In the 1980s, when 2400 bit per second modems were first being released, electronics companies were saying this is it, this is as fast as they will ever get and so forth. Now, I know what a lot of people around my age are going to say in response to this, but to some extent, that happens to be true. You see, in order to achieve speeds above 2400 bits per second, all the way up to 57.6 kilobits per second as was the case for the last dial-up modem, workarounds had to be implemented. The higher speeds were not merely achieved by going faster, they also compressed data on the fly and shot packets of it through the copper wire. I do not pretend for a second to fully understand how it all works, but the thing is, whilst the two connected computers would indeed send data to each other at up to 57.6 kilobits a second, very frequently this would stretch the copper wire’s capability that little bit too far, resulting in a lost connection.
All of this is academic nowadays, since pretty much every connection is in some form “broadband”, with speeds that make those 57.6 kilobit per second modems look much as a Model T looks to a Statesman. But the thing is, the majority of so-called broadband connections available in Australia nowadays use ADSL, or Asymmetric Digital Subscriber Line, technology. The idea being that by utilising frequencies that a voice telephone call never bothers with, the ADSL modems can speak to one another a good deal more rapidly than the conventional dial-up modems, which used the voice telephone line and frequencies.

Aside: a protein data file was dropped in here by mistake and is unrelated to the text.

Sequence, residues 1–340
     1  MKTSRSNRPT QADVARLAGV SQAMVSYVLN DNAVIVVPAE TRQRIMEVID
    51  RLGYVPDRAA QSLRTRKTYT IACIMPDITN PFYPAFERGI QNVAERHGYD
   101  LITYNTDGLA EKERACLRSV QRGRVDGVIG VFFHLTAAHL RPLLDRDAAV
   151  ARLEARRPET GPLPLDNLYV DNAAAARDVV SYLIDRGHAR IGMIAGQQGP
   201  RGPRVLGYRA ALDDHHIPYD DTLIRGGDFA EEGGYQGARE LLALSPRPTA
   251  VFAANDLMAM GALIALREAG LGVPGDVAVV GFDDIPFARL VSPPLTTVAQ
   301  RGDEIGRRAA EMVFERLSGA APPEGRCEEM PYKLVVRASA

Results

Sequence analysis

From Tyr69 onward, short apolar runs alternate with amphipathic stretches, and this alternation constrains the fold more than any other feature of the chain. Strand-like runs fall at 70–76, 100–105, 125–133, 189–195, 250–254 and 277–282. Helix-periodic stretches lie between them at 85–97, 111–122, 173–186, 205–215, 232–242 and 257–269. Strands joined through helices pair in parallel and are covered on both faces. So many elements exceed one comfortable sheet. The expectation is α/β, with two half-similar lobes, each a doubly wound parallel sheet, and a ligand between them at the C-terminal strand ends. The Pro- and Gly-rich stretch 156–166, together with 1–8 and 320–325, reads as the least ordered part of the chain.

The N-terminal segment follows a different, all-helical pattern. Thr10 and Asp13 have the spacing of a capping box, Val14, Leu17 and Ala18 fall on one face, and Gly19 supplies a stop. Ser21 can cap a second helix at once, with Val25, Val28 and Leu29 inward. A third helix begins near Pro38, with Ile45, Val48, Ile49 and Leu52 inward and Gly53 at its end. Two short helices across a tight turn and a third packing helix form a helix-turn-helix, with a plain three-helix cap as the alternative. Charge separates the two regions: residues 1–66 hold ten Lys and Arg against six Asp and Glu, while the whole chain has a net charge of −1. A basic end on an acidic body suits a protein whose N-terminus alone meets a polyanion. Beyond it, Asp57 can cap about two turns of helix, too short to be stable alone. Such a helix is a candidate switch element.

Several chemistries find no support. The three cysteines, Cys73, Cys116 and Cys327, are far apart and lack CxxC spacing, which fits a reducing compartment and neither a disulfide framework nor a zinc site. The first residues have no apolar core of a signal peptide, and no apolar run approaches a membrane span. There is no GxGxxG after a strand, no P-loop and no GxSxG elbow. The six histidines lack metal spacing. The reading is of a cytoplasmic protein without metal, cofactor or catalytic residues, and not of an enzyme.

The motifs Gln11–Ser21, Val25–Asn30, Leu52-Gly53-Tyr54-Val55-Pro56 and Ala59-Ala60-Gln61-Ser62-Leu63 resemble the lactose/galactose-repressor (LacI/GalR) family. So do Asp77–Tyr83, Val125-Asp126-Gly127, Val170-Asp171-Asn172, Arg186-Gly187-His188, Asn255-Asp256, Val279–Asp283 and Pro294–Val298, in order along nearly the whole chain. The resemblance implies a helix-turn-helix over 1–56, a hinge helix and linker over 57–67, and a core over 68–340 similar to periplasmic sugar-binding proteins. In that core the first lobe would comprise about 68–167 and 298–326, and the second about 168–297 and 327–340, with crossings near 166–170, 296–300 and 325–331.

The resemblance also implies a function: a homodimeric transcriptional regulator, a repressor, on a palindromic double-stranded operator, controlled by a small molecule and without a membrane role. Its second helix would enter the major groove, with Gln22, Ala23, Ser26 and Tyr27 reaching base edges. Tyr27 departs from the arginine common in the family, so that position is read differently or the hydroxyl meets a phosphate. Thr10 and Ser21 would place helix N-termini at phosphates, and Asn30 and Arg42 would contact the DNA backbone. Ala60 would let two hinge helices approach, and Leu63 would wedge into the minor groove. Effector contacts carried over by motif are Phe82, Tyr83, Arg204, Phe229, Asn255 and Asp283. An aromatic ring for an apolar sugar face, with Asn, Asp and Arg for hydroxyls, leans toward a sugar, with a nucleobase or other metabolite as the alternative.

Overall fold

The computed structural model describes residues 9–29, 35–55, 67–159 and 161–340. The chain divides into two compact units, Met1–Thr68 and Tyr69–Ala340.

All well and good, but the same problem remains. It is still using the same copper wire and cabling that the old dial-up modems used. When I first dipped my toes into broadband Internet, I did so with a cable modem. ADSL, whilst available, had been handled so poorly in roll-out terms that it was one of the great techie jokes of the time. Cable modems have their own problems, of course, but being able to connect and stay connected at a time when the dial-up service provider was hanging up in mid-download at least once an hour was nice.